Reviewed by Andrada Simion, Master of Science in Chemistry
What chlorine level is too high to swim in?
- According the the CDC, your pool only needs a minimum free chlorine concentration of 1 ppm (this minimum rises to to 2 ppm if you use stabilizer). At the upper end industry experts recommend below 4.
- You shouldn’t rely on your sense of smell to gauge levels as the typical “pool odor” is not from chlorine itself but from byproducts when it reacts with organic substances like urine and microorganisms (chloramine compounds). Instead you should use testing kits, but there are different types with important differences between them – OTO testing kits don’t detect combined chloramines so it’s advisable to used DPD ones which do so and can give you both combined and free Cl numbers (there are also both strip types and drop types). Sometimes if numbers are so high that the testing kit can’t even read them you may need to add pure water to the sample and multiply the reading by the initial sample amount then divide it by the final sample amount.
- Safety issues of swimming in a pool with too-high levels (depending on just how high) can range from mild and temporary eye, skin, throat and lung problems all the way to life-threatening respiratory and digestive symptoms and more.
- High levels can make the water too acidic, possibly leading to erosion and/or discoloration of anything in or touching the pool water (including swimwear or other garments).
- Too much stabilizer, or adding too much chlorine whether by accidental spillage or by overestimating how much you need (whether during shocking or routine chlorinator usage – required amounts are dynamic and change depending on things like filter condition, amount of stabilizer used, weather/season and bather load).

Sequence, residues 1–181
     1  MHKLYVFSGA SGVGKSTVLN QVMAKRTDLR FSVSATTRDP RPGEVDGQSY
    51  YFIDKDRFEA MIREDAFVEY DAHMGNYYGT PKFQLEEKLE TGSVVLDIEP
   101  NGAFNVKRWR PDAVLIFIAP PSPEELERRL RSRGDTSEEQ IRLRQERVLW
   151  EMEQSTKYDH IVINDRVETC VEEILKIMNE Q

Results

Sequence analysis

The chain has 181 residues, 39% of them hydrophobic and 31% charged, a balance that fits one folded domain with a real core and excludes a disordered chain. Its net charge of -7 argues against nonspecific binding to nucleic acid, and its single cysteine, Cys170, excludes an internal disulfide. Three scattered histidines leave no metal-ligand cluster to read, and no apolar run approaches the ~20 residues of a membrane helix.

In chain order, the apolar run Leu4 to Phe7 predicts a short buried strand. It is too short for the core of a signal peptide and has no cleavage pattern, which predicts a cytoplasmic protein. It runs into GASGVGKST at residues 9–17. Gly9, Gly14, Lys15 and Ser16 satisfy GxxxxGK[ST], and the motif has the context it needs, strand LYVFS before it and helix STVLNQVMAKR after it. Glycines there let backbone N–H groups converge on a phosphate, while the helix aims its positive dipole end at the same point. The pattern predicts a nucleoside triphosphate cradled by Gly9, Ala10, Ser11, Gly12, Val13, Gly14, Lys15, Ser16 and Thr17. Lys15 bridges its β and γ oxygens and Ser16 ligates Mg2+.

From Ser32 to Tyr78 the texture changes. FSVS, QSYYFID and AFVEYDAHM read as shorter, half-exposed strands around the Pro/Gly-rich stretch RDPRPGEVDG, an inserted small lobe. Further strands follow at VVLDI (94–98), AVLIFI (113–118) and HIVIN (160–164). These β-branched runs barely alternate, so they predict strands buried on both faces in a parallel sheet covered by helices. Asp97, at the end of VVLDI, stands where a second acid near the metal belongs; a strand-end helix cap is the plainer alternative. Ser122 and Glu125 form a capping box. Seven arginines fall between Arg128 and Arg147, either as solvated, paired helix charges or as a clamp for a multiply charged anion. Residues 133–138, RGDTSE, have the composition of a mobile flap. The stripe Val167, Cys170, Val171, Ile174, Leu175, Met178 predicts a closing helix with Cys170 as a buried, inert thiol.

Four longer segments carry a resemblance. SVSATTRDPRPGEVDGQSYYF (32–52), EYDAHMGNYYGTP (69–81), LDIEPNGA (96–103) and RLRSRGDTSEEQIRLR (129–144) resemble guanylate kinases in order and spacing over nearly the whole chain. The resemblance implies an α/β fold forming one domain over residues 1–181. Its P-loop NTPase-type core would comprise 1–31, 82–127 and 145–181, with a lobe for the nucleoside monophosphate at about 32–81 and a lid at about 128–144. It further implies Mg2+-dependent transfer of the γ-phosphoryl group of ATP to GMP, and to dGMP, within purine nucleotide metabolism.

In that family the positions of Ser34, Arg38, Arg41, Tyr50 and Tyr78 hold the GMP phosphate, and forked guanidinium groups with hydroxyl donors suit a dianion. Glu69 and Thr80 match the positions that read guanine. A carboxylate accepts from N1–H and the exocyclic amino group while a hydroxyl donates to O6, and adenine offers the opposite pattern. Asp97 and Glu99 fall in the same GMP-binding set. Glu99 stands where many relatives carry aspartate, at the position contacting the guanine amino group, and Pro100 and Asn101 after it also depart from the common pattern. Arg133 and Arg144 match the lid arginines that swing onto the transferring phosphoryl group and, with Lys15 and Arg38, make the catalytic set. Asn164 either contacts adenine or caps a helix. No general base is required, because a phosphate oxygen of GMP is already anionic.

- You can purchase special-purpose products specifically designed to remove chlorine from pools with varying efficacy and secondary effects (such as lowering pH), with one of the most popular and inexpensive ones being sodium thiosulfate – just be sure to add it slowly while stirring (a fifth of an ounce is enough for a 1ppm reduction per 1000 gallons) while simultaneously taking measurements (you may also need to raise the pH afterwards) – using more than the amount needed to reduce chlorine to nothing is wasteful and means you would have to use more than necessary for replenishment.
- If you don’t mind balancing other chemicals afterwards (or they’re also high to begin with) and water is cheap, draining and filling (a fraction of the total volume at a time) can work.
- For levels of around 4-9 ppm which is high but still safe to swim in, a big reduction isn’t necessary so simply getting a lot of people to swim in it can deplete enough of it to lower it to recommended amounts.
- For outdoor pools that also don’t use stabilizer, the ultraviolet radiation from a couple of hours of sunlight can bring levels down to a tenth of what they were initially (also possible with UV pool lamps, especially stronger ones like ‘medium pressure’ types designed to kill microorganisms, but at a slower rate if you only use one of them) so take any pool covers off – environmental debris that gets in the water will further contribute to the job.
- A third of an ounce of pure vitamin C (ascorbic acid) can be used for a 1ppm reduction per 1000 gallons.
- Depending on what type you use, temporarily block, remove, empty or power off your chlorinator (or don’t put in any more yourself if you add it by hand).
- For pools with heaters, turn it on to encourage microbial growth as any organic matter can help deplete free chlorine.
- As long as the water isn’t too acidic you can use H202 (hydrogen peroxide) – it will cause fizzing when added (but use food-grade which is at least 30% concentration rather than medical grade which is around a tenth of that).
- Baking soda won’t directly contribute to lowered levels, but it can help speed up natural outgassing by lowering pH (which still won’t be quick).